Taiwan’s first-ever same-sex Buddhist marriage is set to break new ground and highlight the struggle for marriage equality.

According to the Taipei Times, 30-year-old social worker Fish Huang plans to marry her partner of seven years on 11 August at a Buddhist altar in Taoyuan County.

“We are not only doing it for ourselves, but also for other gays and lesbians,” Huang said in a telephone interview with the Times.

“It is meaningful to us that our wedding can give hope to other homosexuals and help heterosexuals understand how Buddhism views sexuality,” she added.

Buddhist master Shih Chao-hwei, who is also a professor at Hsuan Chuang University, will perform the ceremony.

She said that Buddhist teachings do not prohibit homosexual behaviour.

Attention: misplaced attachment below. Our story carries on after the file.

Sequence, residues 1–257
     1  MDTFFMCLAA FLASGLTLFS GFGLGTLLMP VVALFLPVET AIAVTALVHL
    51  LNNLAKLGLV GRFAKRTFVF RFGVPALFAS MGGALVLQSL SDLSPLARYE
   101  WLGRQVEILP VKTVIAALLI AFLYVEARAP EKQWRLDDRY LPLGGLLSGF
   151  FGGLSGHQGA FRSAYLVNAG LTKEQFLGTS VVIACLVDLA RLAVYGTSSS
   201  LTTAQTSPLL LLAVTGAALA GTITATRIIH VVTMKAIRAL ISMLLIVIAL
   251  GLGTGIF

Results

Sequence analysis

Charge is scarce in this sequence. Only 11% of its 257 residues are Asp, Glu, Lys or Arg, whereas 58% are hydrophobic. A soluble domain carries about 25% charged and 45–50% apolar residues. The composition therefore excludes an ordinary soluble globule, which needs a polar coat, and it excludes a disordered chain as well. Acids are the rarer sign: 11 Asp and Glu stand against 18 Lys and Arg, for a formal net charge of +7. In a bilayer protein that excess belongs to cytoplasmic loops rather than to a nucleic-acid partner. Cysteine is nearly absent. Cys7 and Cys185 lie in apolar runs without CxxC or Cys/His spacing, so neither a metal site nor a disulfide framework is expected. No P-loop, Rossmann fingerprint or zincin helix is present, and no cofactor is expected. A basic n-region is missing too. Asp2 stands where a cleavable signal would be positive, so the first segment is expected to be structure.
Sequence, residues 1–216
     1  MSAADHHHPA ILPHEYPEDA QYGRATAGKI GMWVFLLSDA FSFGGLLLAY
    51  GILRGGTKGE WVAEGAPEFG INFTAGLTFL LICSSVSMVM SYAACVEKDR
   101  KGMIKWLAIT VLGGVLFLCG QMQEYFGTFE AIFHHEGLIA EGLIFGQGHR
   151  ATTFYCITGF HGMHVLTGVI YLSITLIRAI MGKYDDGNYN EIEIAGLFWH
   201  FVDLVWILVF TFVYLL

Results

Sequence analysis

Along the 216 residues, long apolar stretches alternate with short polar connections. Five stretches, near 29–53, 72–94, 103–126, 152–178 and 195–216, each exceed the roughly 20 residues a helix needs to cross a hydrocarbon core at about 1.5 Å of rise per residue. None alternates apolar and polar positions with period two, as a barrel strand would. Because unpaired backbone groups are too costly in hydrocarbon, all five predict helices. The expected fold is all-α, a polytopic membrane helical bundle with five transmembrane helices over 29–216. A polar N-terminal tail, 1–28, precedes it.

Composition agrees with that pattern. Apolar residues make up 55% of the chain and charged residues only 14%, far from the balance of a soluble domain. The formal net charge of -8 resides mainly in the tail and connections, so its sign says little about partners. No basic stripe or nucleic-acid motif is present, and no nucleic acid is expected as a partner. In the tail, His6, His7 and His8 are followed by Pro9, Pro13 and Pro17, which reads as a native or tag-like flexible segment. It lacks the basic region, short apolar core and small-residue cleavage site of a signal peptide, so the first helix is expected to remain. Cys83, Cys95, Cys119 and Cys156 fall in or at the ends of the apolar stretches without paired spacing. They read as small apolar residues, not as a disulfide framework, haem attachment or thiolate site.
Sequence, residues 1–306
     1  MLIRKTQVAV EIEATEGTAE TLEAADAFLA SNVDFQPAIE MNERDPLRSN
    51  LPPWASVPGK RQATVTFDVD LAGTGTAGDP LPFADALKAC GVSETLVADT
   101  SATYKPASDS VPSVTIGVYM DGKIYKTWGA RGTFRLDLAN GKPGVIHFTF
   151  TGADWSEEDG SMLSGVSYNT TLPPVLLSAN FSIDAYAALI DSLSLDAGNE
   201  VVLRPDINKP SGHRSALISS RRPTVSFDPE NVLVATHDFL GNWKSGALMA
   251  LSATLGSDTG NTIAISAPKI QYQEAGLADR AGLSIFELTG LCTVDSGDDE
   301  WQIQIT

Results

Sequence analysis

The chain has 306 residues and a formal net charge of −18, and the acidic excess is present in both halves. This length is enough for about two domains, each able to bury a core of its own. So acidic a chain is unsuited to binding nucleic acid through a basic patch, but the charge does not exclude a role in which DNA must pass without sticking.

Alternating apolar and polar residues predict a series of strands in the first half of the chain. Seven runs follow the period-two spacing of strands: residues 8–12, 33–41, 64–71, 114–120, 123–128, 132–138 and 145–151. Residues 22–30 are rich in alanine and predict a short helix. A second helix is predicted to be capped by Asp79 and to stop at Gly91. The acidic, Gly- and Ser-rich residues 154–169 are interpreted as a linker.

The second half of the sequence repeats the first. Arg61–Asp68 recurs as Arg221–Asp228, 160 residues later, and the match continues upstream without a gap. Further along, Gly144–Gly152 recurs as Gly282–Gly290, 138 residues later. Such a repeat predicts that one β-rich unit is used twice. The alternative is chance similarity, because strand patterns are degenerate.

“It’s difficult enough to maintain a relationship … how could you be so stingy as to begrudge a couple for wanting to get married, regardless of their sexual orientation,” Shih told the newspaper.

Two men were previously married in Taiwan in 2006. Although this was the first public same-sex marriage in the nation, it was not a Buddhist ceremony.

Neither of these marriages, however, are recognised under the law. Despite an attempt to pass same-sex marriage legislation in 2003, gay and lesbian unions are not currently legal in Taiwan.

Get the Mamba Newsletter

Leave a Reply

Your email address will not be published. Required fields are marked *

Send this to a friend